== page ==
Want to Change the World? Sponsor a Child
What can an ordinary person like me do to help the poor?" When people find out at parties and social gatherings that I am a development economist (and yes, we economists do attend such events), often they ask me this question. For a long time my response was the same: "Perhaps sponsor a child?"
I suppose I gave this answer because I myself sponsored a child, and if I was supposed to know something about helping the poor, I should encourage people to do what I was doing. After all, child sponsorship makes sense: By focusing on youth instead of adults, it aims to nip poverty in the bud, providing children in the developing world access to education, health services, and, in some programs, spiritual guidance. But over time my autopilot response started to annoy me. The truth was that I hadn't the slightest clue about the effect child-sponsorship programs had on children.
Dissatisfaction with my pat answer began to inform conversations with my graduate students. "Have you considered researching the impact of child sponsorship?" I would ask. One student was interested, and she followed the topic long enough to find out that no one had ever investigated the topic, despite 9 million children sponsored worldwide, and the more than $5 billion per year being channeled into sponsorship programs from ordinary people wanting to help. But we were having trouble finding a sponsorship organization willing to work with us. What if the research discovered that sponsorship didn't work? This was the risk that some organization out there had to take.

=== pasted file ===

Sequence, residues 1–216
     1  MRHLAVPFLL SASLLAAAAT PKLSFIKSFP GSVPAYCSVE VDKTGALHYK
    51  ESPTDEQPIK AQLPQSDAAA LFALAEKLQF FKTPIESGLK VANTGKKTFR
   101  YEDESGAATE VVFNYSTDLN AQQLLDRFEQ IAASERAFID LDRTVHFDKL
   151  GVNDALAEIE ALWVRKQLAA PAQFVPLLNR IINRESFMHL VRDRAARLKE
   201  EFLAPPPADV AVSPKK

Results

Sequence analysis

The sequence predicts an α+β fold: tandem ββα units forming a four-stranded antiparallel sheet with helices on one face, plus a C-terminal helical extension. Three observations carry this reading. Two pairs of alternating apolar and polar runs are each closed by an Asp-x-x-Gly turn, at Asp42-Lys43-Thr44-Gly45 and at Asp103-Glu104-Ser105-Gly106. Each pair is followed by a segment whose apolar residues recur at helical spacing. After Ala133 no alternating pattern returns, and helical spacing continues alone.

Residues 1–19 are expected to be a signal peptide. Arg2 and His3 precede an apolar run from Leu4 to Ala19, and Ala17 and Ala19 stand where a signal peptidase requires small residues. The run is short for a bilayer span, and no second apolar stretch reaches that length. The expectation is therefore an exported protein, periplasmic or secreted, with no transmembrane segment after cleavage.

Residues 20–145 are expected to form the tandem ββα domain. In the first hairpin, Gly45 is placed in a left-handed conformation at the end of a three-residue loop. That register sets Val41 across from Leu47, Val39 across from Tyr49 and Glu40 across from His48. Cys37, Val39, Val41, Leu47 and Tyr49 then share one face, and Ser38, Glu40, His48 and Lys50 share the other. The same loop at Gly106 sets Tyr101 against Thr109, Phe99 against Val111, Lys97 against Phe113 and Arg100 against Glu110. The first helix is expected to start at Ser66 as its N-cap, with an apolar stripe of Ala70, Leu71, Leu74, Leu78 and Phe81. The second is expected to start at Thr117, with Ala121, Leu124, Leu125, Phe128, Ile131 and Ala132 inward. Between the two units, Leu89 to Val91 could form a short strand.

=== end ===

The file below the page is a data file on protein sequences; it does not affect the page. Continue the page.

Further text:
A couple years later, another graduate student, Joanna Chu, became interested in the topic, in part because she was sponsoring a child with Compassion International. Chu put out some feelers with Compassion's research director, Joel Vanderhart, who decided to risk what no other child-sponsorship organization was willing to risk at that point: to allow its program to be scrutinized. We were able to carry out the study with one major condition: Compassion would remain anonymous. They would be referred to as "a leading child-sponsorship organization" in any academic publication.
In the course of talking with Vanderhart, we stumbled upon a vein of gold for any development economist: He casually mentioned that Compassion had used an arbitrary age-eligibility rule when they underwent a major worldwide expansion during the 1980s. When one of Compassion's programs entered a new village, typically only children who were 12 and younger were eligible for sponsorship.
With that, our strategy for identifying the causal impacts of the program became clear. We would obtain early enrollment lists from different village projects introduced during the 1980s, and track down the families of those who were first sponsored in these projects. Then we would obtain information on the life outcomes of these formerly sponsored children—now adults—and compare them to their adult siblings who had been slightly too old to be sponsored when the program arrived in their village. In this way we would be able to control for genetics, family environment, and a host of other factors that the siblings held in common. The only difference that could affect adult life outcomes across the sample would be the fact that Providence had allowed some of these siblings and not others to be age-eligible for child sponsorship.